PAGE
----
Last Sunday, Milan took on Inter in this season’s second installment of the Derby della Madonnina. The last result had ended in favour this long-standing match-up ended in favor of the Nerazzurri thanks to a last-minute goal from Rodrigo Palacio, and naturally, given the poor season the Rossoneri have endured, Walter Mazzarri’s men would have liked to secure a double over their cross-town rivals. For newly installed manager Clarence Seedorf, following his side’s unbeaten run halted at five with a loss to Roma, the whisperings were growing louder concerning his future with the side that he had won two Champions League titles in a career spanning a decade. Consequently it was vital that the Diavolo could finally achieve what they had failed to do since 2011–earn all three points against Inter.
It wasn’t a derby that had fans engrossed by any means, and it was eventually settled by a 65th minute goal from midfielder Nigel De Jong. But more important was the value of those three points, as it has now lifted Milan into 8th place on 54 points, just one behind Torino and still within touching distance of Inter who occupy those last two Europa League spots, with one already being locked up by Fiorentina. And for some, with this season even being much worse than last time around, they’d be willing to settle for a spot in the continent’s second-tier competition, using the rationale that “any European football is better than nothing”.
However, for a side that takes pride in their seven Champions League titles, only second to Real Madrid’s nine, the Europa League is just obviously a mere consolation prize after suffering humiliation in the round of 16 against Atletico Madrid and spending much of this season well out of contention for the competition they last won in 2007. But would it entirely be a disaster if the Rossoneri weren’t making any appearances in any kind of European competition next year?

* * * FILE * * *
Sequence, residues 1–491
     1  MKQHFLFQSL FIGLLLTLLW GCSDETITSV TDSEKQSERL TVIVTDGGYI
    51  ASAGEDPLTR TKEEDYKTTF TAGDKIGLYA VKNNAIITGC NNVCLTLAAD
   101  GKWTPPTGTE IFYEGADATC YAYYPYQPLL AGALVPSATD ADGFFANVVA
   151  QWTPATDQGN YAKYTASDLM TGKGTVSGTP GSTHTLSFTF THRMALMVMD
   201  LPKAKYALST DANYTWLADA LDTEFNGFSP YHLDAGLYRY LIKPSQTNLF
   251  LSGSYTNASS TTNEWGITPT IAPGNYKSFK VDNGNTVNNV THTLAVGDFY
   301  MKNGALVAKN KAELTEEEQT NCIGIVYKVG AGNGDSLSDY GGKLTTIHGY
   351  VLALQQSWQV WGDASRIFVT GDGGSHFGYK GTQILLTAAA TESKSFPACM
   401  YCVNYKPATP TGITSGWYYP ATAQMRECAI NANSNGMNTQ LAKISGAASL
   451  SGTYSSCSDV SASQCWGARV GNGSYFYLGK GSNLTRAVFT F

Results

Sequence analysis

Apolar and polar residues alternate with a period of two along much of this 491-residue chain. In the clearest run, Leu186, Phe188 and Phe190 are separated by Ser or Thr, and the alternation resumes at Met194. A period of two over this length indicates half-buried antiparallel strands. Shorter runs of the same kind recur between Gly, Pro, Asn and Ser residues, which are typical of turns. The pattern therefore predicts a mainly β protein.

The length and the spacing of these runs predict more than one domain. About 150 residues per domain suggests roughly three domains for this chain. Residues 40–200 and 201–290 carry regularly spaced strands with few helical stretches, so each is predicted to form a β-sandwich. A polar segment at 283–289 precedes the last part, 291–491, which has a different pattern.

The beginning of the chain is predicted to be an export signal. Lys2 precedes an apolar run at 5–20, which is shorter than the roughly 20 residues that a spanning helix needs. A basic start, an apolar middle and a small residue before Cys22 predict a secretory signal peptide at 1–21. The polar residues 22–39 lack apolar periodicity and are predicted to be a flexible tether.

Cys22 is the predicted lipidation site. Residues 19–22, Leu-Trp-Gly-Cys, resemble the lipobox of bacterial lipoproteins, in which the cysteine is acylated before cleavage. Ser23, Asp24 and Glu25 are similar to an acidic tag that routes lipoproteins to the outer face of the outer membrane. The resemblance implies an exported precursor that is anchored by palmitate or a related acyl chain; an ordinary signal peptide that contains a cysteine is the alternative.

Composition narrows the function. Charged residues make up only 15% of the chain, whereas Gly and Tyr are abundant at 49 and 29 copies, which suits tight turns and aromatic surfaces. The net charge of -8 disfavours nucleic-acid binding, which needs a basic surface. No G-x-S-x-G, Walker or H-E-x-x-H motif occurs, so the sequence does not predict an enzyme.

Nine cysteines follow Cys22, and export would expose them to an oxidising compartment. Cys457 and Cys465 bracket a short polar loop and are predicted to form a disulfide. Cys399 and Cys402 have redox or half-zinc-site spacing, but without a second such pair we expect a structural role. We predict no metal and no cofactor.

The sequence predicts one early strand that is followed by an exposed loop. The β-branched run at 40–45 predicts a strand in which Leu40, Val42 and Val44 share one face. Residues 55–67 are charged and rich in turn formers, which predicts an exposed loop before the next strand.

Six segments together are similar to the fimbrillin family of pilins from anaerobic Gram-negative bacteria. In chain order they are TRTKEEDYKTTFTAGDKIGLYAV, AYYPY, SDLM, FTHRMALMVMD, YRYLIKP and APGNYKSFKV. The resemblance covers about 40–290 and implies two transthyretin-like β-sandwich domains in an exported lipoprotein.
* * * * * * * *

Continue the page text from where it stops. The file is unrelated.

Financially, the answer is obviously yes, as participating in the Champions and even the Europa League brings clubs revenue in terms of broadcasting and prize money that can be then spent on upgrading their squads during the transfer markets. Yet, it’s not always all about the money and one can only look to two sides this season–Roma and Liverpool–who have enjoyed fantastic domestic campaigns this year after missing out on European football.
In the case of the Giallorossi, although they fell way behind reigning champions Juventus over the course of the season, no one can consider the capital club’s season a failure. They started off the season with an impressive 10-match unbeaten run that saw them rack up 30 points before being held to a series of draws, but that downturn also coincided with an injury to talismanic captain Francesco Totti. After some stops and starts, they again began to build up another great run but were shocked to see it end at the hands of relegation candidates Catania in what definitely will go down as the biggest upset of the season that effectively handed the Bianconeri their third consecutive Scudetto.
Yet, despite losing the title race by a huge margin, Roma supporters will certainly be celebrating in their team’s return to the Champions League after a long absence and having the best season many have seen in a long time. The same can be said about Brendan Rodgers’s Liverpool, who many had written off after their disappointing finishes over the past two seasons; yet the Reds have emerged over the course of this year’s Premier League campaign as surprise title contenders after the collapse of Manchester United and Arsenal’s mid-season implosion.
And although their title dreams might have been destroyed after throwing away a three goal advantage to draw Crystal Palace, for a team that has not featured in European competition since the 2010-2011 season when they were dumped out of the Europa League round of 16, finishing ahead of teams like Chelsea, Arsenal, and Manchester United should still give their supporters something to smile about.
Of course, both these teams made some smart moves during last summer’s transfer window. For Liverpool, keeping Luis Suarez at the club despite his insistence to leave has been crucial in why they were able to enjoy such a good domestic campaign, and it just so happened that the Uruguayan international is enjoying the best season of his career thus far. And for Roma, acquisitions like Mehdi Benatia, Kevin Strootman, and Gervinho, coupled with the great form of the evergreen Totti and Mattia Destro are a big reason why they boast the joint-best defense and second-best attack in Serie A this season.
Milan will have to weigh their options carefully this summer, with rumors abuzz concerning the future of Mario Balotelli at the club, but simply put, if they look at Liverpool and fellow Serie A side Roma as examples and make sound decisions that will finally get them back on track, in a couple of years, fans probably won’t be regretting it too much if they don’t appear in Europe next season.